Thursday, December 18, 2008

Mining in Ghana – paradox of profits, pollutions and poverty

By Emmanuel K. Dogbevi

Mining in Ghana has been going on for over 100 years now. And 100 years of any business venture is long enough to show visible signs of progress and understandably positive returns, both economically and socially.

But whatever benefits mining in Ghana has brought the country, can best be seen mostly in the mining entities. Not even Ghana as a nation can boast of any appreciable return on investments in mining, having invested lands, people and to some extent the humanity of some of its people including their culture and traditions.

The mining companies rake in huge profits from their activities in Ghana. For in stance, in 1995 a mining company operating in one of Ghana’s mining towns made a profit after tax of US$105 million.

The mining sector in Ghana earned an unbelievable US$ 2,099.43 million in 1999. But these huge earnings were made at the expense of lives and property belonging to ordinary Ghanaians whose peaceful and subsistent lifestyles had to be sacrificed on the altar of national economic expedience. But these benefits in terms of their national dimensions remain, ever questionable.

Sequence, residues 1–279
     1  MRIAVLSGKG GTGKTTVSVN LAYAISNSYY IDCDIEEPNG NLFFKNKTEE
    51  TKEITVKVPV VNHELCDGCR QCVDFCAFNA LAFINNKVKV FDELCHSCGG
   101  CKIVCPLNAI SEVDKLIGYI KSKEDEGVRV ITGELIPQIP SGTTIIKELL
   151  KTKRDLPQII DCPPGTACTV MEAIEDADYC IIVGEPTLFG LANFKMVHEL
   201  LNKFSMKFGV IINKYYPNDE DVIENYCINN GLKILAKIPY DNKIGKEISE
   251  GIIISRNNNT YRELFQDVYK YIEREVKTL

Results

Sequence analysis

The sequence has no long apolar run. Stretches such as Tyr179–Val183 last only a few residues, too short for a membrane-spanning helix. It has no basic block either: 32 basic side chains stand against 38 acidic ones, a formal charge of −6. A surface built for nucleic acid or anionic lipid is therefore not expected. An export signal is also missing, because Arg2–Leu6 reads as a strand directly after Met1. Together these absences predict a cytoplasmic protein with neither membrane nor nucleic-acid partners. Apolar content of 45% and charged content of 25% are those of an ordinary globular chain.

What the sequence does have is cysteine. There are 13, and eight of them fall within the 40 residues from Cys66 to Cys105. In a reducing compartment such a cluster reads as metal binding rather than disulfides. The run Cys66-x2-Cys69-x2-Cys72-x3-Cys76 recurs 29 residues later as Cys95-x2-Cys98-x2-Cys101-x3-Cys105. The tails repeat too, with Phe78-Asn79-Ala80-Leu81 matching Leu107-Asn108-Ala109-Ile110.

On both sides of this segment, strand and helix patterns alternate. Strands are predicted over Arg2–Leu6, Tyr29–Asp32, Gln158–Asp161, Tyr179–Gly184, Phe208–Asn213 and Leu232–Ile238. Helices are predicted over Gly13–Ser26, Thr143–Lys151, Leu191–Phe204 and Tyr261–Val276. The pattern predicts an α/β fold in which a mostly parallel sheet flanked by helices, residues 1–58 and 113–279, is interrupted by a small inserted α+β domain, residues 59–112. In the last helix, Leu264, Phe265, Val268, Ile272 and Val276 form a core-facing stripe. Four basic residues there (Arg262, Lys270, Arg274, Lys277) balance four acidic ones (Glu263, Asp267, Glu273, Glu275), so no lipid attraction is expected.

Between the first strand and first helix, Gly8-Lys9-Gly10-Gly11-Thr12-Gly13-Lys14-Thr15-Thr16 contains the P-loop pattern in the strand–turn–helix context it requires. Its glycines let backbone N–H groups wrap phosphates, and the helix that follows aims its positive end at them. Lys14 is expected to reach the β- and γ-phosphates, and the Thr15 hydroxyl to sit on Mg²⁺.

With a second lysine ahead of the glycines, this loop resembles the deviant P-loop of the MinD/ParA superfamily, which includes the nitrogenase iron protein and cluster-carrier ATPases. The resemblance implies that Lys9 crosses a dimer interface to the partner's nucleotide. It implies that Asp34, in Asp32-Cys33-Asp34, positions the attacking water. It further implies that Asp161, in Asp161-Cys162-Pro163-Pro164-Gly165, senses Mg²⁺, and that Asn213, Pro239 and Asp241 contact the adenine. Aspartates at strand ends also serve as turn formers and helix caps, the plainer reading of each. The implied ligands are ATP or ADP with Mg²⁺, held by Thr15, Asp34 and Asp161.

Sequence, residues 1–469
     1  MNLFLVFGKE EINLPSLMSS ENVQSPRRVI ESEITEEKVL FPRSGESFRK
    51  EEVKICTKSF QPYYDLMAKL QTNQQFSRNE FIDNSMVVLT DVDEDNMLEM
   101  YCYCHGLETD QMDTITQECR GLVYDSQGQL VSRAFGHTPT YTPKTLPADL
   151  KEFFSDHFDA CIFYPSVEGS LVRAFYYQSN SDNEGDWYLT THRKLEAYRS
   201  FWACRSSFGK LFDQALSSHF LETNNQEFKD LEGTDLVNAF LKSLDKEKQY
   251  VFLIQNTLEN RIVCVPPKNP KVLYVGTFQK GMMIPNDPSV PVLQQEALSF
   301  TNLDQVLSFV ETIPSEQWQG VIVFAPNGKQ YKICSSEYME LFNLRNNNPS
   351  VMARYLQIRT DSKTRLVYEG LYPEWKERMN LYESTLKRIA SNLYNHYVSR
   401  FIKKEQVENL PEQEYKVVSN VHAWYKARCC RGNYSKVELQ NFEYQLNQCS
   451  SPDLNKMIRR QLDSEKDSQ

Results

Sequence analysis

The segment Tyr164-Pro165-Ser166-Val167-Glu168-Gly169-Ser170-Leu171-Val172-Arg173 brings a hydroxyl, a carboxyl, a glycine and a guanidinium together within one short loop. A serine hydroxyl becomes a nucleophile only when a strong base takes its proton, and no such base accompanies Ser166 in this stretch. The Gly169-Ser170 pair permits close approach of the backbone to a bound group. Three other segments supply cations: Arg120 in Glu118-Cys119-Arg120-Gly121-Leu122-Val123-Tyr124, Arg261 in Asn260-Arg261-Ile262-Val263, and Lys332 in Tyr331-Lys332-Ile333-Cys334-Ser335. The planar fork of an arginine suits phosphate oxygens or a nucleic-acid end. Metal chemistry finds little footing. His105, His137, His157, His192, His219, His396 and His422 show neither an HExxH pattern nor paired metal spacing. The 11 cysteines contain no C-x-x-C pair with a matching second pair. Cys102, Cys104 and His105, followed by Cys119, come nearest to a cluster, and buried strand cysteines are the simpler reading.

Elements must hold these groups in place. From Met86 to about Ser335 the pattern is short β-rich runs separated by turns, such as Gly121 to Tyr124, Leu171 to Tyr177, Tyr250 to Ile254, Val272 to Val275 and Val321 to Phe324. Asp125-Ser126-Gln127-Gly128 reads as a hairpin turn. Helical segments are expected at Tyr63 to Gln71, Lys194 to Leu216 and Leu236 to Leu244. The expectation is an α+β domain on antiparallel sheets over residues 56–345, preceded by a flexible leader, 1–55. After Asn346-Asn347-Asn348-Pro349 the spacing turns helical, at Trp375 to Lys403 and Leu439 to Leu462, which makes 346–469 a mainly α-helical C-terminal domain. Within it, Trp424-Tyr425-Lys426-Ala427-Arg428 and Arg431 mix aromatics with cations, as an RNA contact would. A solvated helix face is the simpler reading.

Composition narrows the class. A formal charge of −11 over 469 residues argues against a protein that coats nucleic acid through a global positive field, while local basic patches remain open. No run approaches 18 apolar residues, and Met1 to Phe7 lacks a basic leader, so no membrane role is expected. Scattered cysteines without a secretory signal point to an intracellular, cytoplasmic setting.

What is however, interesting about the contribution of mining to the national economy shows glaringly when it is compared to the agriculture sector.

Between 1993 and 1997 mining contributed just 1.5% to Ghana’s GDP as against agriculture’s 40%.

It is estimated for instance, that since 1985 Ghana has attracted external investment in the gold sector alone to the tune of over US$ 3.2 billion in new mine development and expansion.

Despite these huge figures, it is widely believed that only about 10% of the value of gold comes to the country.

Unlike agriculture though, the mining sector is spiced with so much incentives for investors, making it the most attractive and lucrative sector to invest in.

But strangely, Ghana is an agricultural country. However, the country doesn’t seem to pursue a vigorous agriculture expansion programme, at least not for the moment.

Mining as a sector, makes minimum contribution to employment and offers very high wages than the local average. Yet less than 8% of Ghanaians are in formal employment in the mining sector.

Meanwhile, over the last decade, mining has significantly added to the country’s ecological destruction amounting to around 7% of the country’s GDP.

Enter any mining community in Ghana, and what hits you right in the face is abject poverty.